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Ursa Astronomical Association

All-sky aurora - 8.9.2017 at 22.00 - 9.9.2017 at 00.00 Inari Observation number 67084

Visibility V / V

The stars hit, so to speak, on the second weekend in September, when the Sun posed for a record-breaking X9.3 eruption on Wednesday, September 6th. and the following day on Thursday 7.9. was the departure to Saariselkä for a friend's wedding. The car's container came packed with a camera, a pair of tubes and a tripod "just in case". Friday 8.9. during the day came, in addition to church exercises, an observed sky that was sometimes cloudier and sometimes clearer. Towards evening, however, the cloudiness began to decrease and the cloud radar promised a clear view of northern Lapland from Russia.

Without its greater drama, the evening was spent with dinner and when we returned to the cottage, the northern lights were already starting to appear on the cottage terrace after 8 p.m. At 10pm we decided to go out with my cohabitant to see what was visible. The sight was quite dismal: In the light of the rising moon, the eyes saw little to nothing interesting, but the camera saw a pair of really pale arcs in the southern sky and individual rays appeared in the northern sky. The freezing past was described to the north for about an hour and then the buttons on the ice were decided to return to the cottage.

From the corner of the cottage it was decided to still peek into the southern sky before going to dinner. There were small brightnesses above the arch, just like in Anttola a year ago in the fall before a decent explosion. The same pattern was repeated now and in the past a lifeless and dim arc quickly exploded into a huge wall of light right in front of our eyes! The arch began to creep in shades of green, blue, and purple above and a little everywhere. Korona visited above a couple of times, especially in the early part of the show. The shutter speed had to be lowered from the camera to 1-2 seconds and with 11mm (body) it didn't really know which direction to shoot.

The screen lasted maybe 30-40 minutes and near midnight the screen started to fade and so did the energy of the graphs. The memory cards were photographed full of stunning pictures, so we got to go happy to sleep. This show was definitely among the top three of the shows I witnessed!

More similar observations
Additional information
  • Aurora brightness
    • Very bright auroras
  • Observed aurora forms
    • Rays info

      The raysare parallel to the lines of force of the magnetic field, i.e. quite vertical, usually less than one degree thick light streaks. The rays can occur alone or in connection with other shapes, mainly with arcs and bands. Short rays are usually brightest at the bottom but dim quickly. The longest rays, even extending almost from the horizon to the zenith, are usually uniformly bright and quite calm, and unlike the shorter rays, most often occur in groups of a few rays or alone. Rays, like bands, are a very typical form of aurora.

      Artificial light pillars, which are a halo phenomenon visible in ice mist, can sometimes be very similar to the rays of aurora. Confusion is possible especially when the lamps that cause the artificial light pillars are far away and not visible behind buildings or the forest. The nature of the phenomenon is clear at least from the photographs.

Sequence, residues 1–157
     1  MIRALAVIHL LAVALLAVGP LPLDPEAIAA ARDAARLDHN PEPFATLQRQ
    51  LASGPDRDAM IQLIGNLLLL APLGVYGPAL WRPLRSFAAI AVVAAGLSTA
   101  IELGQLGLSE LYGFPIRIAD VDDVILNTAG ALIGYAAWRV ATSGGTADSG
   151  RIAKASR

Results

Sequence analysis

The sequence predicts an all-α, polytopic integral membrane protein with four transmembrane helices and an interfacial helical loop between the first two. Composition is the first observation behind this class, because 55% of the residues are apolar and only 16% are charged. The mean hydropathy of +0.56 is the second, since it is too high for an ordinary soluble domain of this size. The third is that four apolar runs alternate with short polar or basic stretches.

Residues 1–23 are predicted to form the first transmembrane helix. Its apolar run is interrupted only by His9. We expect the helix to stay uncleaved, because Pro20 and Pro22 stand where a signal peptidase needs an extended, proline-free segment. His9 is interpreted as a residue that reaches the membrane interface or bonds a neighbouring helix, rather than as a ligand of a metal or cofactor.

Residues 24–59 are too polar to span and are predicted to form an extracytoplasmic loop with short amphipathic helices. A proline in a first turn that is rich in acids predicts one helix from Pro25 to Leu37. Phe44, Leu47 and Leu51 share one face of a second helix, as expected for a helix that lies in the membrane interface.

Rays. Picture of Tom Eklund.

      Rays. Photo by Mika Puurula.

      Two beams rise from the aurora veil. Photo by Anssi Mäntylä.

      Two radial bands. Show Jani Lauanne.

      Radial band and veil. Photo by Jussi Alanenpää.

      Two rays. Photo by Aki Taavitsainen.

      It may be possible to confuse such rays with artificial light columns. Compare the image below. Picture of Tom Eklund.

      There is no aurora in this image, but all the light poles - including the wide and diffuse bar seen at the top left - are artificial light pillars born of ice mist. Photo by Sami Jumppanen.

      Aurora and artificial light pillars. All the radial shapes in the picture above are probably artificial light pillars that coincide appropriately with the aurora band. In the image below, the aurora band has shifted and does not overlap with the pillars produced by the orange bulbs. There is no orange in auroras. Photo by Katariina Roiha

    • Arc info

      ARC The arcs are wider than the bands and do not fold as strongly. The arcs are normally neither very bright nor active.

      The arc is probably the most common form of aurora. When aurora show is a calm arc in the low northern sky it often doesn’t evolve to anything more during night. In more active shows the arc is often the first form to appear and the last to disappear.

      The lower edge of the arc is usually sharp but the upper edge can gradually blend into the background sky. As activity increases rays and folds normally develop, and the arcs turn gradually into bands.

      An aurora arc runs across the picture. Vertical shapes are rays. Photo by Atacan Ergin.

      Aurora Arc. Photo by Mauri Korpi.

      Aurora Arc. Photo by Anna-Liisa Sarajärvi.

      Aurora Arc. Photo by Matti Asumalahti.

Technical information

EOS 70D + 11-16mm f / 2.8

Comments: 3 pcs
Emma Bruus - 18.9.2017 at 23.22 Report this

No siellä on kyllä ollut huikea meno! Mahtavat otokset

Antero Ohranen - 19.9.2017 at 07.56 Report this

Hienot tulet ja kuvat!

Pirjo Koski - 19.9.2017 at 13.48 Report this

Hirmusen samantyyppiset ovat olleet, kuin muutamana edellisenäkin iltana (Utsjoki). Komeet kuvat!

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